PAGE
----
Interesting but almost sounds too good to be true. You know what they say "if it sounds too good to be true it usually is". Just the sceptic in me. But you only live once just dont invest your entire life savings in it if you decide to go for it. Good luck I hope it works out.

from Jakal

Jungle Jil said...


Two expatriates are already doing contract growing that I'm aware of. Another one (my friend Nelson, who used to own a chicken farm in Iowa) is seriously considering it.

The only thing I could see going wrong (and I do have to give a small credit to Anon, idiotic hyperbole of "total loss" notwithstanding) that instead of a 4% mortality rate, some number like 8% comes along and eats into the profits.

At 8% mortality rate on 15,000 chickens the profit would go down from 1.5 million to 1.15 million per year. At 12% mortality rate, it would go down to 483,000 per year. The breakeven point would be at (more or less) at 15% mortality. But if there was regularly that kind of loss, obviously commercial chicken farming would not be viable at its current level of compensation, and the dozens of chicken farms in the area would not be operating.

I asked Mr. Lopez about his mortality rate and he said it was always below 4%. I've considered the possibility that it could be higher. Of course, one can always grow and sell one's own chickens, and therefore not be liable for high mortality. The profit margin on that is substantially higher, but so are the costs. (A chicken costs about 60 pisos to raise, but sells for about 100 pisos or more... so 40 pisos profit instead of 12.75... once buyers are found.)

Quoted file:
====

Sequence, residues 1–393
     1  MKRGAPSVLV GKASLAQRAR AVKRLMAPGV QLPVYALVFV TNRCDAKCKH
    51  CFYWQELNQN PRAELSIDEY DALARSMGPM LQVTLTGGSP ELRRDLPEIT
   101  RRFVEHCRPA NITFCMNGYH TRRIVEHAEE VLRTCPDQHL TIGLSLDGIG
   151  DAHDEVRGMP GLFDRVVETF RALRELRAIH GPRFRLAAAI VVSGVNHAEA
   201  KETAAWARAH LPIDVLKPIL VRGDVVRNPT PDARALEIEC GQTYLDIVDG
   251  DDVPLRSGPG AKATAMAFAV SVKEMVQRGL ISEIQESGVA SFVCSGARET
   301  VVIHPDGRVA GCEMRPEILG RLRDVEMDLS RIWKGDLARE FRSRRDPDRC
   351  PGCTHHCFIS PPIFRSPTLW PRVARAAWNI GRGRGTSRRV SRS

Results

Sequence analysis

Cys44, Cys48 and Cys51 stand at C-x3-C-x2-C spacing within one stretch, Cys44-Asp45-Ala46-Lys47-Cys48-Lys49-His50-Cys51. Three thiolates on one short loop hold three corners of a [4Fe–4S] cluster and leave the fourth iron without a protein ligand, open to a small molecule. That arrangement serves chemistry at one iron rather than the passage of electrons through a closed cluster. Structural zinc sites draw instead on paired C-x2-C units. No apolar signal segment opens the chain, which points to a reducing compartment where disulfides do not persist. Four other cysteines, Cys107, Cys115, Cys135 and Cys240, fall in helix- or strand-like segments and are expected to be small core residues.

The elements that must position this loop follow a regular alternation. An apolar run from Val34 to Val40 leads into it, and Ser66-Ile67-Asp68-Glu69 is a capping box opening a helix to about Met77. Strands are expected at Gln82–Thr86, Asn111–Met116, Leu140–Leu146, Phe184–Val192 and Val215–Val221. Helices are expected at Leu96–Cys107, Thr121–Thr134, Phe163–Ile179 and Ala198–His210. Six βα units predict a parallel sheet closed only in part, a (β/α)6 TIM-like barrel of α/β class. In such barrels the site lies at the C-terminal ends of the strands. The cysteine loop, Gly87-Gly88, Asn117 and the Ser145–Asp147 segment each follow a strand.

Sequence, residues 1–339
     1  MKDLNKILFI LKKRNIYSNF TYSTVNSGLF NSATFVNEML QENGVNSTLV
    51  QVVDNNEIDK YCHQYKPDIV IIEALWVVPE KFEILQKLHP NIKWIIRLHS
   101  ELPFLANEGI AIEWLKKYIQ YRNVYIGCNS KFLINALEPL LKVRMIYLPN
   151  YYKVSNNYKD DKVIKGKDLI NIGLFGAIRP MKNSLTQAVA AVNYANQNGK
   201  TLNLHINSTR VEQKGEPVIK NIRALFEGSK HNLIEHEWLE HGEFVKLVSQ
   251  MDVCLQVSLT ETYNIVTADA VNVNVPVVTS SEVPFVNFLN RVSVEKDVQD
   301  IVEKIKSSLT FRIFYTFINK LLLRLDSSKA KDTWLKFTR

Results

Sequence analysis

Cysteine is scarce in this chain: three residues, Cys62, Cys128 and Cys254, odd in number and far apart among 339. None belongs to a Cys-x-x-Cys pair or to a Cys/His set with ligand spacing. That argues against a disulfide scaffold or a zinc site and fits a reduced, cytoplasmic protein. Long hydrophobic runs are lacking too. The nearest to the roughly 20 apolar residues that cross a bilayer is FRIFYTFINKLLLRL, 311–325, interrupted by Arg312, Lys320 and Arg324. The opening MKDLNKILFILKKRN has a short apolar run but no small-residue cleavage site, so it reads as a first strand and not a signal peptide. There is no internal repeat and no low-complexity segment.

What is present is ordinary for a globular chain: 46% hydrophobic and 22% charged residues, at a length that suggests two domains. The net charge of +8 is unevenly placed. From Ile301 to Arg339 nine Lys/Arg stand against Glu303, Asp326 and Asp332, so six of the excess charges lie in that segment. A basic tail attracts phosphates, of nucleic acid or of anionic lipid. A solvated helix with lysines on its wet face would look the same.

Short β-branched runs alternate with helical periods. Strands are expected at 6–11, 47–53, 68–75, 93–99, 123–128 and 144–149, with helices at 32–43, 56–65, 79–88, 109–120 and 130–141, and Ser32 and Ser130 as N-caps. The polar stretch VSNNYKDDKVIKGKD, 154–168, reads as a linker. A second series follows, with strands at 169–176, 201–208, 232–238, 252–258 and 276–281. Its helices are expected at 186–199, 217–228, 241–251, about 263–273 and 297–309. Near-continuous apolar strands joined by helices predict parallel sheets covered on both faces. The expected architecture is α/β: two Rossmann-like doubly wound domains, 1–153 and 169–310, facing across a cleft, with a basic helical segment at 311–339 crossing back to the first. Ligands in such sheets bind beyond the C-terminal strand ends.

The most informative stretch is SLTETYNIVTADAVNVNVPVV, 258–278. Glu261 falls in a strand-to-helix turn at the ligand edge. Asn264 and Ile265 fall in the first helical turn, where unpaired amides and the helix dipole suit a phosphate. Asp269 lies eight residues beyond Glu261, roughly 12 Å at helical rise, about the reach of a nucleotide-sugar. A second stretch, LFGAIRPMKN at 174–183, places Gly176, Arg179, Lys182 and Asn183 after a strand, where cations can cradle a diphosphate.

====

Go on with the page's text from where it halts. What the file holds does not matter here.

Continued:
Additionally, any chickens that do not reach a certain size are rejected by San Miguel, and while you are not charged for them, you don't get paid for them, but you also get to keep them, and sell them when they are a proper size. That number is usually around 1%... 150 chickens per 15,000. Mr. Lopez gives those chickens to his workers in lieu of a salary.

The thing I've found about business opportunities in The Philippines is that almost all investments pay for themselves within the first year — fishing boats, taxis, chicken farms, bar-be-que stands, sari-sari stores, internet caf├ęs. Unfortunately, there is no such thing as small business loans, and nobody has any capital to open fair-sized businesses here. Therefore, all of those business opportunities are not taken advantage of.

The major problem with foreigners operating businesses here is that success breeds contempt. If you start making money here in a way that everyone can see, people will come after you. This is especially true if your competition is losing sales to you.

The safest bets for foreign-owned businesses here, therefore, are taxis, fishing boats, and farms: For starters, the business pool is much larger and bottomless, and the operation is much less public. (With a taxi or a fishing boat, a foreigner's taxis/boats are indistinguishable from a Filipino's taxis/boats; with a farm, being 5 miles out in the country is about as low-profile as you can get.) This is compared to standing behind a counter in a shop of some kind, running a business that puts pressure on the other business owners next door and around town.